The polio vaccine changed lives in the mid-1950s, a decade during which thousands of children were devastated by the disease. At its height in 1952, the virus infected nearly 60,000 children in the United States. Thousands of these children were paralyzed, and over 3,000 of them died from the epidemic. Summer of that year was a particularly brutal period for the disease, which is generally spread through contact with human feces. Many towns closed swimming pools, and moviegoers were advised not to sit next to one another to prevent any spread of germs. While many people suffering from the disease never exhibited polio symptoms, those who were struck with paralytic polio were left no choice but to stay in hospitals on life support.
Thankfully, virologist Jonas Salk and his colleagues at the University of Pittsburgh invented a polio vaccine in 1952. In 1954, they tested their creation on a group of children in Pittsburgh, Pennsylvania; mass immunization would follow in 1955. The history of polio is heart-wrenching, as are the photos of both children and adults affected by the disease. Fortunately, the polio vaccine eventually eradicated the disease in America, a testament to the benefits of scientific progress in medicine.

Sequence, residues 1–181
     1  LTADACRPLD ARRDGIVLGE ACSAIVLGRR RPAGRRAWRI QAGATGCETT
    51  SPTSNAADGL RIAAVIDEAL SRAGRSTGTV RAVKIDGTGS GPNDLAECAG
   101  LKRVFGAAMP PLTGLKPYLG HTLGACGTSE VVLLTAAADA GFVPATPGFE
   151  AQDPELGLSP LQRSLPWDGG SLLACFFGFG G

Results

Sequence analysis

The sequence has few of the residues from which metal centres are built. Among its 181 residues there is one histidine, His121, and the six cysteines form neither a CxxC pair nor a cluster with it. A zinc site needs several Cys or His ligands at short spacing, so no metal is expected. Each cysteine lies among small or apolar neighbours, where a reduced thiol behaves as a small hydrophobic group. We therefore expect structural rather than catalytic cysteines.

Thanks to vaccinations, the Western Hemisphere eradicated polio in 1994. Only a few countries today experience outbreaks, such as Afghanistan and Pakistan.
In the United States, children generally receive the inactivated polio vaccine when they are two and four months old. They receive two additional inoculations before attending elementary school. Thanks to this procedure, 99 out of 100 children who get the vaccine are protected from the disease.
Most polio victims show no sign of the disease – 95% are considered asymptomatic. The remaining five percent fall into three categories: abortive polio, non-paralytic polio, and paralytic polio.
Abortive polio is characterized by symptoms such as fever, tiredness, headache, sore throat, nausea, and diarrhea. Those who contract non-paralytic polio experience similar symptoms as those with abortive polio, though non-paralyzed sufferers also display neurological symptoms, including light sensitivity and stiffness in the neck.
The most excruciating type is paralytic polio, though cases are extremely rare. After experiencing virus-like symptoms, patients feel muscle pain and spasms. Most individuals recover completely, and less than two percent become paralyzed or experience muscle weakness. According to the CDC, polio caused paralysis in approximately one in 200 of those who contract it.
President Franklin D. Roosevelt contracted polio in 1921 at the age of 39. He was forced to use a wheelchair, though he tried to hide his paralysis from the public.
Actress Mia Farrow spent eight months in the hospital in the 1950s after contracting the disease and could only breathe with the assistance of an iron lung. Actors Alan Alda and Donald Sutherland; musicians Itzhak Perlman, Neil Young, and Joni Mitchell; and New York City ballerina Tanaquil Le Clercq also suffered from the disease.